Trenton Davis was raised in a dual parent household in a rural county of Greensboro, NC. He attended a high school that was 97% white and then followed that up with attending a historically black college. His unique experiences have shaped his views and created one of the best comedic minds of our generation. Trenton looks at everyday problems (i.e. war on Iraq, dating, politics) and offers hilarious non-everyday solutions.
Comedian, motivational speaker, actor - Trenton Davis has been performing since 1997, has lived in three major comedy cities (Chicago, San Francisco, LA) and has made his mark on each one. Diverse audiences and fellow comedians alike are drawn to his charismatic style and witty material like a moth to a flame – always leaving them wanting more than one set can offer.
Trenton features for over 12 comedy clubs across US. His largest credits to date have been featuring for Jon Lovitz, Josh Blue, Natasha Leggero, Steve Trevino, Will Durst and many more. Trenton Davis currently resides in Hollywood, California.
Day Jobs: Comedian Trenton Davis demystifies the neccesary evil.
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When Jesse asked me to write another article for Antithesis, I knew exactly what I wanted to talk ab...When Jesse asked me to write another article for Antithesis, I knew exactly what I wanted to talk about. I wanted to talk about the importance of having a “day job.” I know talking about having a day job is not going to win me the “most popular comic” award. I realize that corporate America to an anti-establishment, alternative, raw, starving artist, authentic comic is like kryptonite to Superman. But bear with me if you will, allow me to explain how “The man” can actually be your number one supporter when it comes to accomplishing many of your goals and dreams.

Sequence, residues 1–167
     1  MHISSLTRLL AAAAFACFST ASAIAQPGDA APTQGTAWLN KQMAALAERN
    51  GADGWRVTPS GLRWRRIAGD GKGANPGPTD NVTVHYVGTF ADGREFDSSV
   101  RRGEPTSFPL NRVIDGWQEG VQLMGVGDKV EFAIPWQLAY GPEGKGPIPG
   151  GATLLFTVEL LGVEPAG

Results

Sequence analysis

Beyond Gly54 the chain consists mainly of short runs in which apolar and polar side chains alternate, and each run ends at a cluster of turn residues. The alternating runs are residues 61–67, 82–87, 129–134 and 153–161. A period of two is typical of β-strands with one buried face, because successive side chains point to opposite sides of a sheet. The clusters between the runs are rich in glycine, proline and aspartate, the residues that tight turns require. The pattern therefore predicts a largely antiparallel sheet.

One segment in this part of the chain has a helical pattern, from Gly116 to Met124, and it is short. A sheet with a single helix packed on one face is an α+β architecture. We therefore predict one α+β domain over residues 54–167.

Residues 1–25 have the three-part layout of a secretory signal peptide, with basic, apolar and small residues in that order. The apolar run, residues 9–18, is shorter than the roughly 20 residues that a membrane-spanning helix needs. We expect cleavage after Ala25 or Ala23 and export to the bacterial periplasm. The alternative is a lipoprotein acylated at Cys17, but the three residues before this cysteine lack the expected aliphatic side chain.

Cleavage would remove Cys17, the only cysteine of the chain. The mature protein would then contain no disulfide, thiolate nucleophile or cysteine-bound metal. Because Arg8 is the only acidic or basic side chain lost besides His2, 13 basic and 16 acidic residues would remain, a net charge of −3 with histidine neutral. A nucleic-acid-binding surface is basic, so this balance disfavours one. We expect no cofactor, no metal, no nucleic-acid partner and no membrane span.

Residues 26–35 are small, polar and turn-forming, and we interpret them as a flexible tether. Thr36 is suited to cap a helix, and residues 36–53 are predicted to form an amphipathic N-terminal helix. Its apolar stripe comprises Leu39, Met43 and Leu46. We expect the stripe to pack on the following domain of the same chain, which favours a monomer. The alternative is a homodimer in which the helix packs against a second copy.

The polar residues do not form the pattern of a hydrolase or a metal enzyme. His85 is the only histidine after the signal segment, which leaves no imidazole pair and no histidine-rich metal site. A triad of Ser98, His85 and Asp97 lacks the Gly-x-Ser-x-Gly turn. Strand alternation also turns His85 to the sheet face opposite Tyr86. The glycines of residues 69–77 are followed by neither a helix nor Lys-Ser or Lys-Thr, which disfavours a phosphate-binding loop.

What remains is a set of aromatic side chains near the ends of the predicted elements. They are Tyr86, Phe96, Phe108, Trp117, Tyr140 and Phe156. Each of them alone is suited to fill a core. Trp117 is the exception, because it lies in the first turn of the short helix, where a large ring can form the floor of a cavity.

I’ve had the pleasure/honor to perform weekend feature work at several different clubs all over the US. I wish I could tell you that I was so funny, my reputation preceded itself and these club owners/bookers called me out of a million other comics out there to come and feature at their humble establishment. I wish I could write that – but the truth is I ain’t that good and if I wrote that it would be the best joke I’ve ever written. The truth is, each of these engagements was preceded with my day job sending me to each of these locations for work and rather than hang with my co-workers/customers after 5:00pm I would find the local comedy club, introduce myself as a working comedian, and ask if I could perform at their open mic or do a five minute guest set at their already scheduled show. This routine/strategy has lead to bookings that I never would have gotten if I only performed within driving radius of the city where I live.
There is a flip side however to performing outside of your driving radius – most clubs do not pay for travel, accommodations for features. What that means is even if I were to get lucky enough to get booked at a club to do feature work outside my driving radius, I would most likely have to sleep in a nasty hotel (think hostel), walk back and forth to the club (sometimes in the rain, sleet or snow) and live off of McDonalds, Burger King, or some other fast food joint for the weekend. If its one of those clubs that books Wed – Sun (Zanies Chicago) – that could really be a problem!
But having a day job can remedy that situation. Having a good day job means you can tell a club owner – “pay me like a regular in town feature and I’ll take care of the rest.” This shows humility and shows that this is someone who is serious about his or her craft. Sure I know – you are thinking well “won’t club owners take advantage of me?” Yes! – but the truth is they are doing that now. Most of us are begging for 10 to 15 minute sets at our local comedy club right now (I know I am) – and we do them for FREE! Why because what we as comics relish is stage time and club owners know the comics who are not national touring headliners (95% of us) will do almost anything for stage time. So if you are going to be taken advantage of – at least get something out of the deal. If an owner/booker is going to use you, then use him or her right back. The best way to do that…rather than doing 15-minute sets for free – make him or her pay you for (6) 30-minute sets over the course of the weekend. Most of the times what I get paid to feature ($400 to $600 bucks) for a weekend, won’t cover the expenses I pay to get to the gig (flight, & a bad hotel) – however whatever I’m in the hole: A) I write off on my taxes, and B) If you have a dream that is not worth your investment (time and money) then it probably is not your dream.